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  • Distal pancreatic solid mass.
    • Neuroendocrine tumor.
    • Pancreatic adenocarcinoma.
    • Solid neoplasm of indeterminate diagnosis.
  • Distal pancreatic mucinous cystic neoplasms.
    • Asymptomatic, ≥ 3 cm in size.
    • Symptomatic, any size.
    • Presence of a solid component.
    • Dilated main pancreatic duct.
  • Distal pancreatic symptomatic serous cystadenoma.
  • Chronic calcific pancreatitis or small symptomatic pseudocyst limited to pancreatic tail (less common).


  • Proximal mass requiring pancreatoduodenectomy.
  • Known metastatic disease.
  • Local invasion of structures that cannot be resected en bloc with the pancreas.
  • Mass encasing mesenteric vessels, with loss of usual fat planes noted on preoperative imaging (CT, MRI, or endoscopic ultrasound [EUS]).
  • Portal hypertension.


  • Cardiopulmonary comorbidities.
  • Splenic vein thrombosis.

Expected Benefits

  • Surgical cure of a neoplasm in the distal pancreas.
  • Prevention of malignant transformation of mucinous cystic neoplasms.
  • Treatment of symptomatic benign disease.

Potential Risks

  • Surgical site infection, bleeding, and damage to adjacent structures.
  • Removal of the spleen.
    • Should this be necessary, patients are at risk for the rare complication of post-splenectomy sepsis.
  • Complications unique to operations on the pancreas include:
    • Postoperative pancreatitis.
    • Pancreatic leaks.
    • Pancreatic fistula formation.

  • No special equipment is needed.
  • A self-retaining retractor helps facilitate exposure of the operative field.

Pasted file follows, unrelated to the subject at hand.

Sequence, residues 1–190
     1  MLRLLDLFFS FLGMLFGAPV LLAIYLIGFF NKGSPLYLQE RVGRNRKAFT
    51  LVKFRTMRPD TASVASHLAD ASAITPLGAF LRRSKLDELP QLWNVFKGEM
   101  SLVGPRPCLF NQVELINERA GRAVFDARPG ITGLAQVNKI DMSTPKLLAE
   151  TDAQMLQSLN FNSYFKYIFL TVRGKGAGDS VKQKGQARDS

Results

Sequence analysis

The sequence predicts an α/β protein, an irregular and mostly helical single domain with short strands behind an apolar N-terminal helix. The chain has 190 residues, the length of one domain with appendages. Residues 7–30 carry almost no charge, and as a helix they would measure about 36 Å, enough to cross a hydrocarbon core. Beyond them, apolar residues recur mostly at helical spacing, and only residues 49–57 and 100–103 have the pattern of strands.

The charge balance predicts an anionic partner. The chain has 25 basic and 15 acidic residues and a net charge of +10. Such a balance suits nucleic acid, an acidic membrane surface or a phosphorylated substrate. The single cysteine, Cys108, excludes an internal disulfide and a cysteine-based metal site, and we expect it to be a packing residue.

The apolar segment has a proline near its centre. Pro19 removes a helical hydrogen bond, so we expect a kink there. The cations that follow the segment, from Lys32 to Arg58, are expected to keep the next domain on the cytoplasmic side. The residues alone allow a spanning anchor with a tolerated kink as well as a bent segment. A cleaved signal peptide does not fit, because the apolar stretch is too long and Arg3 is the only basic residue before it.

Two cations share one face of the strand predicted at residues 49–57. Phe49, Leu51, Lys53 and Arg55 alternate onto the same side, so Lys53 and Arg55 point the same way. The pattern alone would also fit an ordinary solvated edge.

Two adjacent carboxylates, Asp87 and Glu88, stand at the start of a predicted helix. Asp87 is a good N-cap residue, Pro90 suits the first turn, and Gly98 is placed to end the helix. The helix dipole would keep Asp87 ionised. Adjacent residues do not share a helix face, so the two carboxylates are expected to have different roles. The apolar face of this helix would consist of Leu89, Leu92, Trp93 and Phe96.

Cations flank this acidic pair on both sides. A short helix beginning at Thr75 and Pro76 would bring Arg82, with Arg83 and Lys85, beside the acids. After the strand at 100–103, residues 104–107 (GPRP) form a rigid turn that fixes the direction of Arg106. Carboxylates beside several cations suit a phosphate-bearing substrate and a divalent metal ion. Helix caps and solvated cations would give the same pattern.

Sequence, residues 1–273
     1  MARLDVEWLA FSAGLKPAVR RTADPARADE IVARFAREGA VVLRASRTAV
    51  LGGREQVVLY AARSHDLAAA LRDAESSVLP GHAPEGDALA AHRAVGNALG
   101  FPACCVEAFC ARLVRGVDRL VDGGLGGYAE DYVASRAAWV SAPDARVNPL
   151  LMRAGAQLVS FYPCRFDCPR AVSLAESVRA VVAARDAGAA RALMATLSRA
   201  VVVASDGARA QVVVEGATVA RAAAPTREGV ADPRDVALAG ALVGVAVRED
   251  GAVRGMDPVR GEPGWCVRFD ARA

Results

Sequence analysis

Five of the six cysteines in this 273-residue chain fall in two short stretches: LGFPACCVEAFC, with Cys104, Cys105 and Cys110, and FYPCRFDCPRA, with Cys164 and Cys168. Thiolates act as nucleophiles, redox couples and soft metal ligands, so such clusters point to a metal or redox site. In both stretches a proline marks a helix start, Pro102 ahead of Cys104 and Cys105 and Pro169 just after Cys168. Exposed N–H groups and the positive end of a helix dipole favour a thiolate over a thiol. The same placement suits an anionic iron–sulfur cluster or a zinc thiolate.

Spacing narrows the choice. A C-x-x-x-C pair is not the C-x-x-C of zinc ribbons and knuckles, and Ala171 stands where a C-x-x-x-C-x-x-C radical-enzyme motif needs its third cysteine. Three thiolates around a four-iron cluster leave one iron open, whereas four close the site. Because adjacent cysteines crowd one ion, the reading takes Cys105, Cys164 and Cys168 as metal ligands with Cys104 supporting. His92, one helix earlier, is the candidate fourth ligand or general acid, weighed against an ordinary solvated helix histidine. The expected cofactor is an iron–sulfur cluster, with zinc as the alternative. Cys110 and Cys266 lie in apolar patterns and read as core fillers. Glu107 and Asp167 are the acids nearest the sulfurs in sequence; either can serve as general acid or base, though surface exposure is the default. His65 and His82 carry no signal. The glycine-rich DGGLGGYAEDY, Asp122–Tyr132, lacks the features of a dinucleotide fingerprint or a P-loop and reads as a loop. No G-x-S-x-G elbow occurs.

• A surgical energy device (eg, harmonic scalpel, LigaSure) is extremely useful.
  • Depending on surgeon preference, a surgical stapler may be used to transect the pancreatic tail. In that case, a thoracoabdominal (TA) or gastrointestinal anastomosis (GIA) stapler is used.

  • Thorough preoperative evaluation is essential before undertaking this procedure.
  • For symptomatic patients, delineation of the presenting symptoms and correlation of these symptoms with the mass in the pancreatic tail or body is critical.
  • Potentially useful tests include:
    • Abdominal CT, ultrasonography.
    • Endoscopic retrograde cholangiopancreatography (ERCP) or EUS.
    • Magnetic resonance cholangiopancreatography (MRCP).
  • For cystic neoplasms, cyst fluid is often obtained during EUS and analysis is performed to differentiate mucinous from serous cystic lesions and to determine cyst fluid CEA levels.
  • Side branch versus main duct intraductal papillary mucinous neoplasms should be differentiated preoperatively using ERCP, MRCP, or EUS, if at all possible.
  • Patients with persistent hypoglycemia and suspected insulinoma should receive glucose supplementation.
  • Patients with refractory ulcers, elevated gastrin levels, and the suspicion of a gastrinoma should receive preoperative treatment for acid secretion and appropriate fluid and electrolyte supplementation.
  • If splenectomy is planned, patients should undergo immunization for encapsulated organisms at least 2 weeks before surgery.

  • The patient should be supine.
  • The skin is prepared from the level of the nipples to the pubis, extending along the flank.
  • The abdomen is entered through a midline incision.
  • Alternatively, a bilateral subcostal incision may be used.

  • Figure 16–1: Ligation of the short gastric vessels.
    • For resection of the distal pancreas, the standard approach is through an upper midline incision.
    • The pancreas is approached as in other pancreatic procedures through the lesser ...

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